Several in-depth investigations have uncovered the rampant problem of clergy sexual abuse in the Roman Catholic Church.
The 2015 film Spotlight portrayed one of the most well known of these investigations, which uncovered decades of abuse by Boston Catholic clergy and the concerted effort by church officials to cover up the abuse.
To date, the Catholic Church has settled numerous sexual abuse claims against accused priests, paying out more than $3 billion in total.
To compensate abuse survivors, many dioceses have either settled with victims out of court or created victim compensation funds. Some have filed for bankruptcy to compensate victims.
But clergy abuse victims who receive compensation through out-of-court settlements, compensation funds, or bankruptcy court proceedings often receive far less than they would through a successful Catholic priest abuse lawsuit led by an experienced child sex abuse attorney.
And settlements don’t necessarily equal justice for the victims of sexual abuse. Too often, they end up protecting abuse perpetrators by effectively buying silence from victims.
If you or someone you love is a clergy sex abuse survivor, the attorneys at Saunders & Walker P.A. encourage you to contact us for a free and confidential case evaluation.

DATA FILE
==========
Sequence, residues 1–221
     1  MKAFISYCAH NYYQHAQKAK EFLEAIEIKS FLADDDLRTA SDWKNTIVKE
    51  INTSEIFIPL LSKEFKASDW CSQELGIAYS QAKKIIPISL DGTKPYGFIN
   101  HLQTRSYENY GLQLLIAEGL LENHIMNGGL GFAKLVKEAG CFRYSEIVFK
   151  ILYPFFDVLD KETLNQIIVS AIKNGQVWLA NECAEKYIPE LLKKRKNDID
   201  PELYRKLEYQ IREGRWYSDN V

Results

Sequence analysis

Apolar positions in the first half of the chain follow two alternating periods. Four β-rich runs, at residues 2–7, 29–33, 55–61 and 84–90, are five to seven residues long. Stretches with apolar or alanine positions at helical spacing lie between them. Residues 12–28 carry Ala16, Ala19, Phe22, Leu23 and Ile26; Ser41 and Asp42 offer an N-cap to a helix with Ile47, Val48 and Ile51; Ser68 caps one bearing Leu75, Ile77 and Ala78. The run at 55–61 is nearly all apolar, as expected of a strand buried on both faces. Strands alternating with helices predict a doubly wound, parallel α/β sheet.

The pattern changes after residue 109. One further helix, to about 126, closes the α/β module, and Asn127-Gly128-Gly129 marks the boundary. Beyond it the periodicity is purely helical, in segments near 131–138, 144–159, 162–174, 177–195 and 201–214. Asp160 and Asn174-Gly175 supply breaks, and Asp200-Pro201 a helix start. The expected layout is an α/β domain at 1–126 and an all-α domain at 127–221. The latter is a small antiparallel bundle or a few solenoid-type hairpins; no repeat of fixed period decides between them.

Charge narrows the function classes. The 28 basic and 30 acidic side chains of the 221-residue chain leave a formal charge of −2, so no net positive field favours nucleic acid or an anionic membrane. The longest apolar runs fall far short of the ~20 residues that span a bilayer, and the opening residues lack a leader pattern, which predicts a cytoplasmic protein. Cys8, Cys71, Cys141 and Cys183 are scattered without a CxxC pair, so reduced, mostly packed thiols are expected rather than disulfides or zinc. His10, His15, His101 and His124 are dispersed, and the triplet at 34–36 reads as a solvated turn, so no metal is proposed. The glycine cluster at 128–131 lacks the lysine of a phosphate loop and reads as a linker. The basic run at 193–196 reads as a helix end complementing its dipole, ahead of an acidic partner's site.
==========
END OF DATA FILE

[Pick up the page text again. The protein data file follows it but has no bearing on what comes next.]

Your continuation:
In an analysis by BishopAccountability.org, past settlements have ranged from as little as $23,000 (per claimant) to more than $3.4 million. The average settlement amount is approximately $268,000.
Settlement amounts are based on a variety of factors, including how long the abuse went on and the long-term impacts to the victim.
It’s not uncommon for child sex abuse survivors to experience lifelong psychological or physical consequences of being sexually abused.
As adults, victims may experience health conditions like heart disease, diabetes, or unwanted pregnancy. They may also struggle with psychological issues like anxiety, depression, post-traumatic stress disorder (PTSD), low self-esteem, and increased risk of substance abuse, self-harm, and suicide.
Treating these conditions can be costly. It’s why child sex abuse settlement amounts often factor in the cost of treatments for mental and physical injuries resulting from the abuse.